Following the revelation that beauty products and services have received an increasing number of complaints in the past three years, the Advertising Standards Authority of Singapore (ASAS) is now looking to speak to both industry professionals and media owners on further regulating the ads.
In a press conference yesterday, Tan Sze Wee, ASAS’ chairman said that in 2013 it received 78 complaints from the industry, nearly double of that of 2012. Of those, about 70% of the ads ran on print media across both Chinese and English titles.
ASAS, therefore, is looking to engage media owners urging them to play a part in the regulatory process. Currently, the large media owners in Singapore have some guidelines in place, but they are still under pressure to get their ad revenues leading to conflict of interest, at times.
“We should also be looking at engaging the media industry and more importantly media owners because sometimes they are part of the creative process. We do know that media owners need to sustain the revenue income and we are not trying to prevent that but it is important that all the companies in the value chain act responsibly,” Tan said.
Moreover, ASAS is also opening up lines of conversation with both Building & Construction Authority and Land Transport Authorities for the regulation of quality of OOH ad placements. It will also be looking to get online publishers such as Facebook, Google and others to further regulate the ads.
Tan added that social media players are stricter as opposed to print and OOH media and take the guidelines quite seriously.
The ultimate goal for ASAS will be to target the business owners themselves to attack “the root” of the problem and encourage the industry to be self-regulated.
Are the media owners in Singapore being careless?
For media owners, at the moment there is a general guideline in place called the Singapore Code of Advertising Practice. However, complaints continue to trickle in. According to ASAS, it receives at least one customer feedback on ads everyday.
Not all are negative, but most point out to issues such as misleading headlines, unclear words in the fine print and loose usage of scientific facts to falsely accredit services.
When asked if the media owners are simply being too lax and careless in the types of ads they are now accepting to be published, Ang Peng Hwa, legal advisor of ASAS said creativity is subjective. “Because there is an element of interpretation and room for play, it is left to the media bodies on how they interpret the rule. We would prefer to leave this room as it makes the industry more dynamic. Also, publishing before vetting allows flexibility to be creative,” he said.
UPDATE: MEDIA OWNERS RESPOND
Mary Yoo, vice president of commercial operations, sales & marketing at MediaCorp said an active member of the Advertising Standards Authority of Singapore (ASAS,) it fully supports ASAS’s mission to ensure all advertisements are legal, decent, honest and truthful.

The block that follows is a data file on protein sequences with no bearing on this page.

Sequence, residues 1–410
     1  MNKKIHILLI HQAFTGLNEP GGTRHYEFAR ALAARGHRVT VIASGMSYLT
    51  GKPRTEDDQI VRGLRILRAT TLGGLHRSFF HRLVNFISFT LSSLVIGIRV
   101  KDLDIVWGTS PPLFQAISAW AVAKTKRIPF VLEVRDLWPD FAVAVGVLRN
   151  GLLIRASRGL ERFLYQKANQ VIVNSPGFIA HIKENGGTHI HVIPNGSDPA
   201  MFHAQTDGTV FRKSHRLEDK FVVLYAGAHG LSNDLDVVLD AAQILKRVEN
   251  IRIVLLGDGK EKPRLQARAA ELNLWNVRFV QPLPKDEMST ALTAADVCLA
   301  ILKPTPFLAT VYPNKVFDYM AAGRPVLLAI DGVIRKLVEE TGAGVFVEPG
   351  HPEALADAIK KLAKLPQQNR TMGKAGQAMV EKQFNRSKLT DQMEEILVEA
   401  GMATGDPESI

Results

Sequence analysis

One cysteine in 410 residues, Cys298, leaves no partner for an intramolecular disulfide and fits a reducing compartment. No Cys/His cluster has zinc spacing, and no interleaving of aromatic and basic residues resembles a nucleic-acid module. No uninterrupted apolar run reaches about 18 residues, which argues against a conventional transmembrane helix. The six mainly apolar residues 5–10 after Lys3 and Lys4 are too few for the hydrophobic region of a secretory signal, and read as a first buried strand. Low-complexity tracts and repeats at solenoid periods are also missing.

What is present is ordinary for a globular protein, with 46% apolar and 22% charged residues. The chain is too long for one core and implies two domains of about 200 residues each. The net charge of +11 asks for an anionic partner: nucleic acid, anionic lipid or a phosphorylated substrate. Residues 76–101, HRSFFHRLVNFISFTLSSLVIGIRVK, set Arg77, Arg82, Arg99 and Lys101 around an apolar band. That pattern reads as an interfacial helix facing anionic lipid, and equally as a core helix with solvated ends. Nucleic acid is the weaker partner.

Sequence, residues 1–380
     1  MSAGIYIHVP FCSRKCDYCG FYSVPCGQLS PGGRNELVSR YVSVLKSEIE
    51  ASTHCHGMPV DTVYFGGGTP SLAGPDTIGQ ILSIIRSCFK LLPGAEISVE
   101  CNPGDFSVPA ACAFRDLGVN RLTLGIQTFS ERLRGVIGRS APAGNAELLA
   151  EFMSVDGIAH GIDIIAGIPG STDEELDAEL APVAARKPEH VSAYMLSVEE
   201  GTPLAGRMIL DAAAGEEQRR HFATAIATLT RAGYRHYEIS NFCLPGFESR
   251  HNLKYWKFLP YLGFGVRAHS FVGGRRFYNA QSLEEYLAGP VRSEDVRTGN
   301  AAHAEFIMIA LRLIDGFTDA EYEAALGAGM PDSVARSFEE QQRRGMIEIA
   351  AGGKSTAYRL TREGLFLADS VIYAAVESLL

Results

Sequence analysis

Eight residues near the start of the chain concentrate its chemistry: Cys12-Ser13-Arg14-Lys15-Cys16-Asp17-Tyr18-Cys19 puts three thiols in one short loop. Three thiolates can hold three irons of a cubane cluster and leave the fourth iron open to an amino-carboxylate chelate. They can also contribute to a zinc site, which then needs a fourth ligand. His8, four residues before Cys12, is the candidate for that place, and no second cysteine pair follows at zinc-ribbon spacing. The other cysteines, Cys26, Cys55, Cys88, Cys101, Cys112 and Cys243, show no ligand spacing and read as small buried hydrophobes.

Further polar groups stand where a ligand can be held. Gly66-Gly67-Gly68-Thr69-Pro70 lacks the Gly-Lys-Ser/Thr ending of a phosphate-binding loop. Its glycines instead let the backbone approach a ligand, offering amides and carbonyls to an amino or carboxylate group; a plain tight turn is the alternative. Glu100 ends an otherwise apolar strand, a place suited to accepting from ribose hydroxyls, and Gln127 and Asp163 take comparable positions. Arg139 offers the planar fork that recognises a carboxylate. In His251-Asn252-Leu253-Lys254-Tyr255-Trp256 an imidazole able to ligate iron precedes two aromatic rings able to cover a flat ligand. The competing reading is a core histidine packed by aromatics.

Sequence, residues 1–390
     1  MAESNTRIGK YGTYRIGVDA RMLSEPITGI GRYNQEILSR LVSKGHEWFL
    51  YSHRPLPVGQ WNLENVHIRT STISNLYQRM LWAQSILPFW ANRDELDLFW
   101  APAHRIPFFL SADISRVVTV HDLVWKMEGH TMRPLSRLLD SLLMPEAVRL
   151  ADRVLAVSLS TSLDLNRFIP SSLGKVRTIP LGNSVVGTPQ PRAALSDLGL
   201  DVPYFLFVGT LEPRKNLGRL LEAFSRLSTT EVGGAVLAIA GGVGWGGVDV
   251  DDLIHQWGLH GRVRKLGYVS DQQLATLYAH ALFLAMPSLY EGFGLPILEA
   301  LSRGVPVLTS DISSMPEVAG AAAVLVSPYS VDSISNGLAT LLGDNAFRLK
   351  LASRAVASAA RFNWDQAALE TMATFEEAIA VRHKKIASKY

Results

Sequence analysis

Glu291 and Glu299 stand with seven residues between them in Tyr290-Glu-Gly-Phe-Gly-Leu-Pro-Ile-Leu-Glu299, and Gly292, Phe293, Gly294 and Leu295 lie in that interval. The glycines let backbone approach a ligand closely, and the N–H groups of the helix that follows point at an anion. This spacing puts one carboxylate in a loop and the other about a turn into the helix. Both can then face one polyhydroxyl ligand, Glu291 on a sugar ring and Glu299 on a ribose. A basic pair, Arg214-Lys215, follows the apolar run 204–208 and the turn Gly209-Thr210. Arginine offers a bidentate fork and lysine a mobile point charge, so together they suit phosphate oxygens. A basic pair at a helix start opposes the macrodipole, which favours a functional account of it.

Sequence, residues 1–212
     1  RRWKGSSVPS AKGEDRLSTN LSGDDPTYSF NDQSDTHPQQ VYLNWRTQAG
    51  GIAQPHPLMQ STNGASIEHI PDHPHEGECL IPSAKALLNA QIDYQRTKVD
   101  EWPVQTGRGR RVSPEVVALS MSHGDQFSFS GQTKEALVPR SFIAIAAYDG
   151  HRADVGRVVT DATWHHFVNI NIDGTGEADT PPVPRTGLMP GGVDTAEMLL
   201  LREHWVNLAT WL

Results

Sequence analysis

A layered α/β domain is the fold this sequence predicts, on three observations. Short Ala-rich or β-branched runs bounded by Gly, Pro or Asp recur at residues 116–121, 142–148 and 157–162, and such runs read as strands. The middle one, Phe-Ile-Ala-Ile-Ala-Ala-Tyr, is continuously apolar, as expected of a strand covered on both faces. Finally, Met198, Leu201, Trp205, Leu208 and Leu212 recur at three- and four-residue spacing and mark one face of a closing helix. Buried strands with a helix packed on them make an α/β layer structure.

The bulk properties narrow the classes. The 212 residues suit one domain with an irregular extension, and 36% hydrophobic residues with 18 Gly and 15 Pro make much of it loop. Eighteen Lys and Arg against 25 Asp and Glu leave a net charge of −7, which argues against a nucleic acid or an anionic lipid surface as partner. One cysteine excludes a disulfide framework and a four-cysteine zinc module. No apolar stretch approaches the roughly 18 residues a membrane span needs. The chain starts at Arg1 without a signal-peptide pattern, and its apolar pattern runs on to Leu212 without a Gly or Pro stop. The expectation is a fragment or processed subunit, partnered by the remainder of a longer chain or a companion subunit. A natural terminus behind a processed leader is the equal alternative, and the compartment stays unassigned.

When asked if it would be taking a closer look at ads it publishes and airs, the broadcaster said: “
MediaCorp has always administered the same tight control on the vetting of all advertisements across industries and sectors. We have an advertising-vetting department to ensure scrutiny is done for all advertisements to be aired on our media platforms using the guidelines stipulated by ASAS and the guidelines from agencies such as AVA, HSA, MDA, MOH, IDA.”
Meanwhile, Leslie Fong, senior executive vice president, marketing at SPH added that the key challenge for all parties, and not just SPH, is to have objective and dispassionate evaluation. He added:
Just because someone screams that this ad or that one is misleading or false does not necessarily make it so.
Should ASAS step up?
Currently, in Singapore there is no pre-vetting of ads and ASAS takes a more reactive stance – that is to say it would only step in if consumers have repeatedly lodged a complaint about an ad.
Tan added that the Singapore market is not matured enough for ASAS to take a stronger stand such as that taken by neighbouring markets of Australia and New Zealand where financial penalties can be evoked when a company misleads the public.
However, he added that this is a direction that Singapore should be headed in. Currently, for those who do not heed the warnings by ASAS, the Consumers Association of Singapore can force them to take the ads down.
Meanwhile, repeated violation of ASAS’ warnings will result in ASAS making the name of the companies playing truant, public.
This is after the company has been asked to make amends to the ad. “If they refuse, then of course we will publish it in the newspapers, and in addition to that, CASE can proceed with injunction procedures,” Seah added.